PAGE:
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HOME > PAST ISSUE > March-April 2000 > Article Detail

FEATURE ARTICLE

Tracking Down a Cheating Gene

Some genes will play dirty to gain a selective advantage

Barry Ganetzky

This article originally appeared in the March-April 2000 issue of American Scientist.

In 1956, Yuichiro Hiraizumi, a graduate student in the laboratory of James F. Crow at the University of Wisconsin, made a remarkable discovery that contradicted a basic tenet of genetics—the principle that each chromosome of a pair has an equal chance of being passed on to the next generation. Hiraizumi was carrying out genetic studies of natural populations of the fruit fly Drosophila melanogaster, with the nominal goal of investigating genes affecting viability.

Figure 1. Red-eyed fruit fliesClick to Enlarge Image

In these experiments, Hiraizumi crossed white-eyed females with red-eyed males. The females were from an inbred laboratory strain, and both members of the relevant chromosome pair carried certain mutations that produced the white eye color. The members of the corresponding chromosome pair in the males were dissimilar. One chromosome was from the laboratory strain carrying the mutations for white eyes. The other chromosome of the pair was from wild-caught flies and carried the genes for normal red eye color. These eye-color genes merely served as convenient genetic markers enabling Hiraizumi to trace the transmission of each of the two chromosomes from the males to the next generation.

According to the principles of inheritance, roughly half of the offspring from these matings should have been red-eyed, and the other half white-eyed. That's not what happened. Quite unexpectedly, a few of the mating pairs produced only red-eyed offspring. These crosses flagrantly violated genetic law: The chromosome carrying the red-eye genes (the one derived from nature) was transmitted preferentially to the offspring, whereas the other member of the chromosome pair, the one carrying the white-eye mutations, seemed not to be transmitted at all.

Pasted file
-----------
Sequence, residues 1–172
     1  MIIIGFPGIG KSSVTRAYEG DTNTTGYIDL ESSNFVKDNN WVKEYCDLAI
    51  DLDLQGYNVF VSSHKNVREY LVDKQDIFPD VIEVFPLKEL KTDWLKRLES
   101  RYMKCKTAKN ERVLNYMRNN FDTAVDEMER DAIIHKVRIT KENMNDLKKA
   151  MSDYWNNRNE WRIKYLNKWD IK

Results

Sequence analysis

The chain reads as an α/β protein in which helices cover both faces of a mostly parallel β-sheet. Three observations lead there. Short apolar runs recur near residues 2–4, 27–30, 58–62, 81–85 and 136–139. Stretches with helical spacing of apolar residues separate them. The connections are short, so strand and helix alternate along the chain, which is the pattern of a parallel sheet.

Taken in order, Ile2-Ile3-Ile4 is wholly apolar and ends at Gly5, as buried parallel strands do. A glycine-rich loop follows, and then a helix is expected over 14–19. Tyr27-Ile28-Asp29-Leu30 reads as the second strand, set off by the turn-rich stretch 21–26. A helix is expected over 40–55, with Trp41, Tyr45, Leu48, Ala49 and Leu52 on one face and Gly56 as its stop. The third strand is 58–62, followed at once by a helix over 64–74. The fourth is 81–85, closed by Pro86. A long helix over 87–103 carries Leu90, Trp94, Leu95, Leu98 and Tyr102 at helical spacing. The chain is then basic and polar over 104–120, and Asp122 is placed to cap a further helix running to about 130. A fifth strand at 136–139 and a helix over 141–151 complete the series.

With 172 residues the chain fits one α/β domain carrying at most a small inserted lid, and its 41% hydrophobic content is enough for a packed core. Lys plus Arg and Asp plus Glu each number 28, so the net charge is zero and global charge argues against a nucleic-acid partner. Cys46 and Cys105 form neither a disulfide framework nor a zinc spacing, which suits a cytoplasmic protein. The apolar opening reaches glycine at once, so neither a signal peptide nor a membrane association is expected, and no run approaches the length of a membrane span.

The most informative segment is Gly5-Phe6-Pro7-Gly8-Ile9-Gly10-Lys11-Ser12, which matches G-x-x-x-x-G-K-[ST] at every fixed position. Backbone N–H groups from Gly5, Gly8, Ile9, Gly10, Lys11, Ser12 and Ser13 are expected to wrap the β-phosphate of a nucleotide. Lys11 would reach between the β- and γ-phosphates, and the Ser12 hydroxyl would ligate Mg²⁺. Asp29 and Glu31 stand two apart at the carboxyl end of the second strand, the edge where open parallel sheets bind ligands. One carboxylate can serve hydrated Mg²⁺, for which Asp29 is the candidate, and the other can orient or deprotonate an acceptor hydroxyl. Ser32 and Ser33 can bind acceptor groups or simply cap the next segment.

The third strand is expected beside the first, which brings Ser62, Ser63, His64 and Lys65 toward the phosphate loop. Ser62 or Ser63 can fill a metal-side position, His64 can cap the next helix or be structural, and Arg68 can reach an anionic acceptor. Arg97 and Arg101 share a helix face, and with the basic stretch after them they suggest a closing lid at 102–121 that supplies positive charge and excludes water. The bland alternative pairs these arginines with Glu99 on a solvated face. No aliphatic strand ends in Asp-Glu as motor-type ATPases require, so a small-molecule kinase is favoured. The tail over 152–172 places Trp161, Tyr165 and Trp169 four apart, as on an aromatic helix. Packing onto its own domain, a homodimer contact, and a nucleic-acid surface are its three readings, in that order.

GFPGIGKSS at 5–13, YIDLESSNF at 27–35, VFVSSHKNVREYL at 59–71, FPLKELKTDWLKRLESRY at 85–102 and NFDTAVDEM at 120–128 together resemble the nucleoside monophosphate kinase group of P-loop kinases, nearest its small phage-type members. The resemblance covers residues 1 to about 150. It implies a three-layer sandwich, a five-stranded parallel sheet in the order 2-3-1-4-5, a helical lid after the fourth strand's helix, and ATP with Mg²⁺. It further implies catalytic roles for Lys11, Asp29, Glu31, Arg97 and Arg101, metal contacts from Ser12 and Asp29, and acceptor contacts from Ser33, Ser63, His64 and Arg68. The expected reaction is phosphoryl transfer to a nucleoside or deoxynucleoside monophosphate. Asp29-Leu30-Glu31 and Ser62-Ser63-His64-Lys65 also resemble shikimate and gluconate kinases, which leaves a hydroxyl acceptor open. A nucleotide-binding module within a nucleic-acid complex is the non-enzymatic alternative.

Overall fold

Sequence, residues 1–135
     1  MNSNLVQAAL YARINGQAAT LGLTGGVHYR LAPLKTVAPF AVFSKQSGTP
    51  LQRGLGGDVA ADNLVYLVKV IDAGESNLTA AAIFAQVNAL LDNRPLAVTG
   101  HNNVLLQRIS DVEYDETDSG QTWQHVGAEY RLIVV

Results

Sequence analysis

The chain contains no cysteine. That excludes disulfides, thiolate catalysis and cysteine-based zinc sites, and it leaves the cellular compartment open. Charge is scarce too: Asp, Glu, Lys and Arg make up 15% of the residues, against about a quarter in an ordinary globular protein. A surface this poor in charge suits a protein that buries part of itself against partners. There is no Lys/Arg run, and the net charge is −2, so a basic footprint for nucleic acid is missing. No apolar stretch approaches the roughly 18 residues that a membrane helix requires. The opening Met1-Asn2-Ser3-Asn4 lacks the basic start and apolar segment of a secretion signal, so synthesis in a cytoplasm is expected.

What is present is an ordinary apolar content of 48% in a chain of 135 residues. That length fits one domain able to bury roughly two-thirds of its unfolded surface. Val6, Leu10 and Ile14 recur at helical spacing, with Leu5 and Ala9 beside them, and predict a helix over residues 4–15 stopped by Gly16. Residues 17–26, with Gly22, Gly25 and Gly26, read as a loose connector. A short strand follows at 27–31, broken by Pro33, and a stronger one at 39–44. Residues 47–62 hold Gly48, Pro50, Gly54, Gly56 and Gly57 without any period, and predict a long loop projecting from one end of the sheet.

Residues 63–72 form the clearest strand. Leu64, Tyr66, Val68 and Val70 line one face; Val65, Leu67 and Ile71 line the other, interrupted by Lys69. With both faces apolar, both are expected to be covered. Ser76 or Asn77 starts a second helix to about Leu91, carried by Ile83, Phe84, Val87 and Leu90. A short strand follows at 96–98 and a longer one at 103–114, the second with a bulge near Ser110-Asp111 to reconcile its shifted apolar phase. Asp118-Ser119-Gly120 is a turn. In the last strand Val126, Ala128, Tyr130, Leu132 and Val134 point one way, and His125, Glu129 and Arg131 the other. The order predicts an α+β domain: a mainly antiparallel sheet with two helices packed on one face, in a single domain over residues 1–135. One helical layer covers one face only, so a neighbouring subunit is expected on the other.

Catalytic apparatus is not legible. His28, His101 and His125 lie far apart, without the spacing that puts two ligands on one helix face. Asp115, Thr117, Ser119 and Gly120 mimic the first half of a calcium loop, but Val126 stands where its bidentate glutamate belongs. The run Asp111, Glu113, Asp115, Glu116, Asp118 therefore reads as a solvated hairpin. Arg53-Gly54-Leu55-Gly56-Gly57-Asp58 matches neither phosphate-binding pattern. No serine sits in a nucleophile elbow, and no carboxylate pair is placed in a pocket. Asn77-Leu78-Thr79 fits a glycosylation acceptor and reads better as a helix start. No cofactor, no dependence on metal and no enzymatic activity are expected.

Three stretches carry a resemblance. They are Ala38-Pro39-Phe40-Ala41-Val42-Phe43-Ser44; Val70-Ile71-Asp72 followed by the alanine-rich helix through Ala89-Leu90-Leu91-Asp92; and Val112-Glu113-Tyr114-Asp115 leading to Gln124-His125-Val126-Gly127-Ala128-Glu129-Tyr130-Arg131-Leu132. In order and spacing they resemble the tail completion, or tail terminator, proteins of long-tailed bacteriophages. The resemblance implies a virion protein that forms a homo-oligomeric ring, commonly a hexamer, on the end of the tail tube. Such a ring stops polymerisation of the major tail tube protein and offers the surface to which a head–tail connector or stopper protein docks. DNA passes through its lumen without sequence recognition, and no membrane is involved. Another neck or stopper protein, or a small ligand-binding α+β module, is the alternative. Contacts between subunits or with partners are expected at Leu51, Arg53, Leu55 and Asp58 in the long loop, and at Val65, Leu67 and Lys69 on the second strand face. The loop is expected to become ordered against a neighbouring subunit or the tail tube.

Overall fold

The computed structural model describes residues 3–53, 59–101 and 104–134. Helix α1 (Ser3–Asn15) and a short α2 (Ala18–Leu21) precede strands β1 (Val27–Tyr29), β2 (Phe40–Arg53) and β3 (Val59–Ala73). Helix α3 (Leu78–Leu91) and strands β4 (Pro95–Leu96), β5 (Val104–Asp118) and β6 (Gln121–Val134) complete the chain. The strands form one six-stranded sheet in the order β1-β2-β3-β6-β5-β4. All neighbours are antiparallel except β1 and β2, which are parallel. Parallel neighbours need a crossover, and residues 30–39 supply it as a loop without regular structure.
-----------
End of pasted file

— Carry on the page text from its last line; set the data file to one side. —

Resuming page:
The name Segregation Distorter (SD) was given to chromosomes that display this unusual pattern of transmission, and geneticists now know that roughly 3 to 5 percent of nearly every natural population of Drosophila melanogaster harbors SD chromosomes.

But the very notion that such transmission distortions can take place is disturbing to anyone who considers questions of evolution and natural selection. In theory, evolution by natural selection is a rigorous process that favors the retention of genes that enhance the ability of organisms to survive and reproduce. Chromosomes and the genes they carry are supposed to be meted out equally into eggs and sperm through the specialized cell divisions called meiosis. Proper meiosis ensures competing genes equal representation in the gametes and thus guarantees that each gene is exposed equally to the forces of selection.

A particular gene that figured out a way to beat the system by ending up in the vast majority of functional gametes would have an enormous but unfair advantage over competing genes. Such cheating genes would tend to increase in a population even if they conferred no selective advantage—or, indeed, were harmful to the organisms in which they were present. In principle, a situation like this could lead to the extinction of a population.

The potent impact such genes could have on natural populations was first pointed out in 1957 in a theoretical paper by Laurence M. Sandler and Edward Novitski of Oak Ridge National Laboratory. They coined the phrase "meiotic drive" to refer to any alteration of meiosis that resulted in excess transmission of one genetic variant over its alternative. The definition has now been expanded to include any alteration in meiosis or the subsequent production of gametes that results in preferential transmission of a particular genetic variant.

Examples of meiotic drive have now been discovered in a wide variety of organisms, including fungi, higher plants, insects and mammals. The mechanisms by which these various meiotic-drive systems operate remain almost a complete mystery. However, members of my laboratory have recently made substantial progress in unraveling one of them—the SD system—the very one discovered by Hiraizumi more than 40 years ago.





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